The mathematical modeling of physical phenomena and complex biology is a real challenge for mathematicians. In the face of the mass arrival of biological data (particularly in genetics), it becomes important to provide models allowing to exploit these to help understand the phenomena that come into play.
In this article, we expose the problem of genetic regulation and propose a model using hybrid systems.
It is the group of molecular regulators that work together with each other and other substances within the cell to run the gene expression levels of proteins and mRNA.
The taking into account of mathematical modeling in several important competitions through tests like TIPE for ENSI competitions, the modeling test at Aggregation certainly poses a lot of problems Preparation theses. In this text, we are going to develop a few remarks that are the consequence of our participation in several of the juries mentioned above. Now that the mainstream press is echoing issues related to the place of mathematics in general education, we believe that we should not act as we do it too often (and very often with very conservative arguments) but ourselves offer solutions. First, you have to know what we are talking about. And experience shows that it is not easy! It is enough to look at the texts proposed in several contests to see that the modeling process, which begins with the establishment of the model, is completely obeyed. It is replaced by an exercise in classical mathematics on an agreed system of equations.
How to build models in this framework? Is it reasonable to think of modeling the functioning of a cell, taking into account the fact that the historical dimension is one of the characteristics of the living? This remark is made, we will propose in the rest of this article a current example of a modeling problem in molecular biology. This example, although historic, is still current. The concept of a genetic network in this part, we will try to briefly describe what is meant by a genetic regulatory network. To do this, we will first familiarize ourselves with certain basic concepts of cell biology, in particular enzymatic mechanics and genetic control.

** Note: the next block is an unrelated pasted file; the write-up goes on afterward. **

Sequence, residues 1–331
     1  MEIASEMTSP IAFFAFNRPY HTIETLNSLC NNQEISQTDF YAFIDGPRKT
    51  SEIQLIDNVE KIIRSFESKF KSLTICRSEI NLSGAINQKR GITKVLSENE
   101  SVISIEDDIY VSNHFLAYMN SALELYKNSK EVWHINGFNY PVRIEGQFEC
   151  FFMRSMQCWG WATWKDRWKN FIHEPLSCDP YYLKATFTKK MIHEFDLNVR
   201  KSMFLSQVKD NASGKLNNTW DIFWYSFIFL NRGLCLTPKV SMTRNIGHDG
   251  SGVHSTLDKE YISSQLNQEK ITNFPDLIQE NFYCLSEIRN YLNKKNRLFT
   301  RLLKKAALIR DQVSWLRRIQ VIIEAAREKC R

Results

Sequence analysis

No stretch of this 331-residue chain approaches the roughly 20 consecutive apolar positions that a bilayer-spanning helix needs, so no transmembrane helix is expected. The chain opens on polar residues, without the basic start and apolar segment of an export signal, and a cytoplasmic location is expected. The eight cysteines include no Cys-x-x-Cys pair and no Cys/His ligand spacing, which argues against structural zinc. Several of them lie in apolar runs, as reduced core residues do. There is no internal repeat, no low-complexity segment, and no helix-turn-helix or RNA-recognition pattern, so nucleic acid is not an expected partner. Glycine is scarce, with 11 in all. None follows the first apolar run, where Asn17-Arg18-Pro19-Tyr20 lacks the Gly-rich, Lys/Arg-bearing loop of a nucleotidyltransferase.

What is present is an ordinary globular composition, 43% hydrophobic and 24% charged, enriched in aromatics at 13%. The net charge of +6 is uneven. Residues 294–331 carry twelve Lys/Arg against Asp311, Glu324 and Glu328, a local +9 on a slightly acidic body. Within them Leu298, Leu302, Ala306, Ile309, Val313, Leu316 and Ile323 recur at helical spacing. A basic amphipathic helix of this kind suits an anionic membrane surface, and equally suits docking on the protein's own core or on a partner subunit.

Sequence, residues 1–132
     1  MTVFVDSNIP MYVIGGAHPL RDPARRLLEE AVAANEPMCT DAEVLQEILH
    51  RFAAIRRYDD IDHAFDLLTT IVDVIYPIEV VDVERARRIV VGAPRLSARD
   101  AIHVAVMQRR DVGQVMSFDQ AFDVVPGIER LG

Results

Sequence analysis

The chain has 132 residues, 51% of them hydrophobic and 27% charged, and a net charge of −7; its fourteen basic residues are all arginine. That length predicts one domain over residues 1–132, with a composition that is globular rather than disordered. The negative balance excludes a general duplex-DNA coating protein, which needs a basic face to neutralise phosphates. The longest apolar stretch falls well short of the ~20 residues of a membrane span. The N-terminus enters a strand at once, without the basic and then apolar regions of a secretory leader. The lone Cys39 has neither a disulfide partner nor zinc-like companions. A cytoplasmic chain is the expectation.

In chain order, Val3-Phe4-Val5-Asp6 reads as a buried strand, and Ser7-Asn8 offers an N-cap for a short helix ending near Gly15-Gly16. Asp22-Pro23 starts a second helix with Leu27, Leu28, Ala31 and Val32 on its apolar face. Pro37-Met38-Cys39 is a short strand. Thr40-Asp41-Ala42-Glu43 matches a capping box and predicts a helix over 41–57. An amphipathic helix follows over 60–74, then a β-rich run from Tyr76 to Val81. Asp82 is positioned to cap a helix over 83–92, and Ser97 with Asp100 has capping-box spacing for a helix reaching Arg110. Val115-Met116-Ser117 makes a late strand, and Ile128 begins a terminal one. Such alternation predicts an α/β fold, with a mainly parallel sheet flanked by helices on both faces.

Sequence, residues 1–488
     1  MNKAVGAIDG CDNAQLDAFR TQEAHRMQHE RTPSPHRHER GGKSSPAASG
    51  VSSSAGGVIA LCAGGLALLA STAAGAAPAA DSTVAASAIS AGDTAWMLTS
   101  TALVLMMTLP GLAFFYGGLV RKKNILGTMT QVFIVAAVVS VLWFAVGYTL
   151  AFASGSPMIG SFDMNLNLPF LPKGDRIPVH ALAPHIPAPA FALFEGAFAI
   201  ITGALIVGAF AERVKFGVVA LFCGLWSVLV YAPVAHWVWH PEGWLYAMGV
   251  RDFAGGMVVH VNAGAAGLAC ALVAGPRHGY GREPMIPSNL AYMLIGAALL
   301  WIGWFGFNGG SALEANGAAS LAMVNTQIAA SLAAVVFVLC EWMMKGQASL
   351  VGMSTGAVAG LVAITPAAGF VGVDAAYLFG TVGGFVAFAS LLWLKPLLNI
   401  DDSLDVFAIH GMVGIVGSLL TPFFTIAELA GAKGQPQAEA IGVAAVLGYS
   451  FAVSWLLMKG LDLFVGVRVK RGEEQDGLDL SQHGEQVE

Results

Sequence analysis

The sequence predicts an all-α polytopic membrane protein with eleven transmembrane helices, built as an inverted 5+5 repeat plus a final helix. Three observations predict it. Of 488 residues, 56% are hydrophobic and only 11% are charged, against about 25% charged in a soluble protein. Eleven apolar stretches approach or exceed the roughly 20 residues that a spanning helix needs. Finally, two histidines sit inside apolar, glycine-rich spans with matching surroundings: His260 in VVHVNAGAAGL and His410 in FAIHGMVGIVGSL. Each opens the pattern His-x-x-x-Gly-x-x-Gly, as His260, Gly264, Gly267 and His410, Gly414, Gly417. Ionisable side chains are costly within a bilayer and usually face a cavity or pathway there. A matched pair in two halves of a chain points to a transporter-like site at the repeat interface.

Cell biology is a very recent science since the discovery of the DNA molecule dates only from 1868, and it was not until the middle of the twentieth century. Even as we have understood that this molecule is indeed genetic material. This science seeks, in fact, to explain the various mechanisms which unfold on the molecular scale and which, being linked in a complex way to each other, constitute the activity. In other words, it tries to understand how a cell (that is to say an elementary entity of organic life) does to feed itself, divide, and organize the multitude of tasks necessary for its survival? We now know that each cell has a genetic background that carries a tremendous amount of information. It is this mass of information that is used to direct the metabolism of the cell, just like a factory in which a command center directs machinery. Basically, genes are translated or expressed to produce the proteins that perform cellular functions; this is the central dogma of cell biology. However, even if we gradually decode the human genome, we are still unable to describe with precision the entire complex links that exist between cellular metabolism and ‘genetic information.